Californiaas earliest European colonistsaRussian merchants and Spanish missionariesadepended heavily on Native Americans for labor to build and maintain their colonies, but they did so in very different ways. This richly detailed book brings together disparate skeins of the pastaincluding little-known oral histories, native texts, ethnohistory, and archaeological excavationsato present a vivid new view of how native cultures fared under these two colonial systems. Kent Lightfootas innovative work, which incorporates the holistic methods of historical anthropology, explores the surprising ramifications of these long-ago encounters for the present-day political status of native people in California. Lightfoot weaves the results of his own significant archaeological research at Fort Ross, a major Russian mercantile colony, into a cross-cultural comparison, showing how these two colonial venturesaone primarily mercantile and one primarily religiousacontributed to the development of new kinds of native identities, social forms, and tribal relationships. His lively account includes personal anecdotes from the field and a provocative discussion of the role played by early ethnographers, such as Alfred Kroeber, in influencing which tribes would eventually receive federal recognition. Indians, Missionaries, and Merchants takes a fascinating, yet troubling, look at Californiaas past and its role in shaping the state today.This richly detailed book brings together disparate skeins of the pastaincluding little-known oral histories, native texts, ethnohistory, and archaeological excavationsato present a vivid new view of how native cultures fared under ...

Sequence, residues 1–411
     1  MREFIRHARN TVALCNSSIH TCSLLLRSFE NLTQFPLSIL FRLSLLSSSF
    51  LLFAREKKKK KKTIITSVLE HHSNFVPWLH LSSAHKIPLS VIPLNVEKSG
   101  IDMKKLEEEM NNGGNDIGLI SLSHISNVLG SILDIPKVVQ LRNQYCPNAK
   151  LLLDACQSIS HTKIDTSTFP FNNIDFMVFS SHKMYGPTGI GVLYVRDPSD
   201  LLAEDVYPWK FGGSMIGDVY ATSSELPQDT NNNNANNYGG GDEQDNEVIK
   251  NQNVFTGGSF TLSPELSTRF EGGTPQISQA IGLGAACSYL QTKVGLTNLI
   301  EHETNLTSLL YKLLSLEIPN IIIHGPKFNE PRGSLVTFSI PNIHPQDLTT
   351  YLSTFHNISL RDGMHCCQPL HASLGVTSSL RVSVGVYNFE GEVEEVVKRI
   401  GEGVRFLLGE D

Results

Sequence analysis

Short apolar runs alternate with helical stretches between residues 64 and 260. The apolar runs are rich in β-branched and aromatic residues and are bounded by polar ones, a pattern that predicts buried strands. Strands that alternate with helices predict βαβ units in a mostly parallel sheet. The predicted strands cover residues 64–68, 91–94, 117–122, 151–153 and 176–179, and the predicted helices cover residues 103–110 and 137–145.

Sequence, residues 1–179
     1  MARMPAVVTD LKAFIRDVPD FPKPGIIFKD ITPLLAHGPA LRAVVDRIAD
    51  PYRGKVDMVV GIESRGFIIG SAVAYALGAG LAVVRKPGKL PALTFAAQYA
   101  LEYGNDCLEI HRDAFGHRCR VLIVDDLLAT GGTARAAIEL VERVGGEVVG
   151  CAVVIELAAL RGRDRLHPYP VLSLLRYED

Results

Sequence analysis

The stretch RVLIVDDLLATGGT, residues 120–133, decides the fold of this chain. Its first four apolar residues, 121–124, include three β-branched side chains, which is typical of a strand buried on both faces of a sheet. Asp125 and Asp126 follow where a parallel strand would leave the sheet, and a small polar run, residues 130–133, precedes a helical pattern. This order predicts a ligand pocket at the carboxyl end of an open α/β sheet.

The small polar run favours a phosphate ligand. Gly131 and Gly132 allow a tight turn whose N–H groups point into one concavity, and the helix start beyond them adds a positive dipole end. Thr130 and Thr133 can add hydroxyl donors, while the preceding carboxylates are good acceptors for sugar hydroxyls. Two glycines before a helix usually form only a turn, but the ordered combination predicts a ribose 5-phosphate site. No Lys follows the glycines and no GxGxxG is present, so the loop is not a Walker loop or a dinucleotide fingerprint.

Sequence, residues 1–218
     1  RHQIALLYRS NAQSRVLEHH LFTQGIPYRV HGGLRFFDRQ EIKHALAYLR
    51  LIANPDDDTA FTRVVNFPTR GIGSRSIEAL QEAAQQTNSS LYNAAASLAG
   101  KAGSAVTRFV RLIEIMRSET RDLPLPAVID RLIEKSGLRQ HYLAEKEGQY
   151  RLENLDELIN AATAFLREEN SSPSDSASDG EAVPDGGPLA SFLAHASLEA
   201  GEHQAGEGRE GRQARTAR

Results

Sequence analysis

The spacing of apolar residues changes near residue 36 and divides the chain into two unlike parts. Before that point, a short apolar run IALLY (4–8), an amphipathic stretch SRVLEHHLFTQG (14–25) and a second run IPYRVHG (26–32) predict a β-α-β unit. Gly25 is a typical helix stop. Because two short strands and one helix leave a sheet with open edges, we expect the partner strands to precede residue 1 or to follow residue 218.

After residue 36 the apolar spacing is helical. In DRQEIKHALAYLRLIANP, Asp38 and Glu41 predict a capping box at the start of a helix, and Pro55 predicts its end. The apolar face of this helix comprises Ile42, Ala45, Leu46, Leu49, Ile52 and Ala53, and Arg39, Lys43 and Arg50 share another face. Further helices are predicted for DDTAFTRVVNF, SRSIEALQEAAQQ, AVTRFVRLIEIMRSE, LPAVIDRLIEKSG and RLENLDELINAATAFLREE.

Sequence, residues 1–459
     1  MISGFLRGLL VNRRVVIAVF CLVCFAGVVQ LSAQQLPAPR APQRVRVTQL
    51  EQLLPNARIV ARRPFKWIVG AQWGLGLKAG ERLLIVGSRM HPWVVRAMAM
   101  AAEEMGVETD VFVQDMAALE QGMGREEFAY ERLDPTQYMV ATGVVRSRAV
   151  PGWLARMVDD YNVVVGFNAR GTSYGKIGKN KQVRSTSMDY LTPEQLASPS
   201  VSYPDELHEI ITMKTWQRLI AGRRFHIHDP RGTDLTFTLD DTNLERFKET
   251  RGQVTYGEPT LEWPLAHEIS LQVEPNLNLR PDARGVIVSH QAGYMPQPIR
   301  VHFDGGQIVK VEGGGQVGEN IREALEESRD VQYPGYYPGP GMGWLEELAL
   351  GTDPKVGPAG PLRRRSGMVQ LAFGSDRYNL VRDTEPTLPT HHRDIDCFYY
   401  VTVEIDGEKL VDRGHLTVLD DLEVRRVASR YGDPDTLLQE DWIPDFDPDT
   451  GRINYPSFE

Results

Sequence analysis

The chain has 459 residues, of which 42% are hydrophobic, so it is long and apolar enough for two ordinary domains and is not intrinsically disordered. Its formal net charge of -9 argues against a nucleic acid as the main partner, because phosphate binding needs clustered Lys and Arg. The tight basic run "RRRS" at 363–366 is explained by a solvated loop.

|Title||:||Indians, Missionaries, and Merchants|
|Publisher||:||Univ of California Press - 2004-10-30|